What kind of memory card does a laptop usually use?

A memory card is a small, portable storage device that allows users to store and access data on electronic devices like digital cameras, smartphones, and laptops. Memory cards allow you to expand the storage capabilities of your devices beyond what is built-in.

On laptop computers, memory cards serve as removable storage that can supplement the main storage drives like the hard disk drive (HDD) or solid state drive (SSD). They allow you to store and transfer additional files, photos, videos and other data between devices. Some of the most common types of memory cards used with laptops include Secure Digital (SD), MicroSD and CompactFlash (CF) cards.

Types of Laptop Memory Cards

The main types of memory cards used in laptops are RAM, SSD, and HDD.


RAM, or random access memory, stores data temporarily for quick access by the processor. It’s volatile memory, meaning the data is erased when the laptop is powered off. RAM comes on small memory modules called DIMMs that are installed in RAM slots on the motherboard. Most laptops have between 4-16GB of RAM. Common types are DDR3 and DDR4 (Newegg).


An SSD, or solid state drive, provides long-term storage using flash memory chips. SSDs have no moving parts, making them faster, lighter, and more shock resistant than traditional hard drives. However, SSDs are more expensive per gigabyte. Laptop SSDs commonly connect via SATA or PCIe interfaces and come in sizes from 128GB to 2TB. m.2 and 2.5″ form factors are common in laptops (GadgetMates).


The HDD, or hard disk drive, is the traditional long-term storage device used in laptops. HDDs store data on quickly rotating magnetic platters. While cheaper per gigabyte than SSDs, they are slower, heavier, and more prone to damage from drops or vibration. Common HDD sizes in laptops range from 500GB to 2TB. Most laptop HDDs use the 2.5″ form factor and connect via SATA (GadgetMates).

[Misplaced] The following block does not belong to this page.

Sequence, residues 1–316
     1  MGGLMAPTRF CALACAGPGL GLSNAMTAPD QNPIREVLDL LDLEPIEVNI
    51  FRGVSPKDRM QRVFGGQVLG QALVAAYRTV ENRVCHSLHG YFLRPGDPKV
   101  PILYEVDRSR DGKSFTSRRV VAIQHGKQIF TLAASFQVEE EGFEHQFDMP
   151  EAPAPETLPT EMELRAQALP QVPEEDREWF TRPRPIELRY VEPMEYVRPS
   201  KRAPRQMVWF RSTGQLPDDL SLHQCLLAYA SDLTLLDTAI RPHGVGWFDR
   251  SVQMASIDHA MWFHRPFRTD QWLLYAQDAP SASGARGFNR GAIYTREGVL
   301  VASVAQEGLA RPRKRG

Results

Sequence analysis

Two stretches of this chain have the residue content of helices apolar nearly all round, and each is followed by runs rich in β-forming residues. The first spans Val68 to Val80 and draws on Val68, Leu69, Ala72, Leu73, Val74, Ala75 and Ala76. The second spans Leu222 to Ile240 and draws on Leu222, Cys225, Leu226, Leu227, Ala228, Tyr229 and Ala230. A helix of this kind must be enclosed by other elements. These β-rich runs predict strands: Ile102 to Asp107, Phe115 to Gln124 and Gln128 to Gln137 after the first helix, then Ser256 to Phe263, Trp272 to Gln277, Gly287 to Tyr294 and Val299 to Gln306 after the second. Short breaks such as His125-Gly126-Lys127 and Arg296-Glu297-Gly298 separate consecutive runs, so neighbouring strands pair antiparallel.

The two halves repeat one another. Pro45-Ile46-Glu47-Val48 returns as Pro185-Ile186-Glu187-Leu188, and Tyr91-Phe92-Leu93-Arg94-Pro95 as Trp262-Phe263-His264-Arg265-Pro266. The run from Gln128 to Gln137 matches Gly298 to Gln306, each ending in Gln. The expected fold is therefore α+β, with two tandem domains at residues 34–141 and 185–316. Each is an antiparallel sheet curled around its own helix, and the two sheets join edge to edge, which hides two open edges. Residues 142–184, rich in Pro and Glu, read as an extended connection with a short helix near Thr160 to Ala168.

RAM, or random access memory, is a form of computer memory that provides short-term storage and quick access for the data and programs actively in use by the computer’s operating system and applications (How RAM Works). It gets its name because the microprocessor can access any data from RAM randomly, versus sequentially like older magnetic tape memory systems.

RAM holds the instructions and data needed by the processor to carry out tasks. It allows data to be written to and read from memory very quickly in any order. When you open or switch between applications and files on your computer, the required parts of the data are loaded from the hard drive into RAM. This provides much faster access compared to reading from the physical hard drive (What is Computer and Laptop RAM).

RAM uses semiconductor chips to store data as electric charges in tiny capacitors. The more RAM a computer has, the more data can be held without having to access the hard drive, allowing applications to run faster. However, RAM is volatile memory, meaning it is erased when the computer is powered off.